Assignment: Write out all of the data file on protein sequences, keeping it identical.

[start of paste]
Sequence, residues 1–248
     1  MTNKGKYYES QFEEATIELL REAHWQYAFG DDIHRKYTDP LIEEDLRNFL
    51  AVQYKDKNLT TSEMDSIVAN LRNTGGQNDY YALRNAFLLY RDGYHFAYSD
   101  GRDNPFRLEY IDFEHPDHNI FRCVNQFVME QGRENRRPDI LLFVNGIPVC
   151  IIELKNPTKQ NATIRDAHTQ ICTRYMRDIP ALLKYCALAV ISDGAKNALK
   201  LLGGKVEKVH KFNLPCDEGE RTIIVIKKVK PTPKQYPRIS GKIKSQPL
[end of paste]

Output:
Sequence, residues 1–248
     1  MTNKGKYYES QFEEATIELL REAHWQYAFG DDIHRKYTDP LIEEDLRNFL
    51  AVQYKDKNLT TSEMDSIVAN LRNTGGQNDY YALRNAFLLY RDGYHFAYSD
   101  GRDNPFRLEY IDFEHPDHNI FRCVNQFVME QGRENRRPDI LLFVNGIPVC
   151  IIELKNPTKQ NATIRDAHTQ ICTRYMRDIP ALLKYCALAV ISDGAKNALK
   201  LLGGKVEKVH KFNLPCDEGE RTIIVIKKVK PTPKQYPRIS GKIKSQPL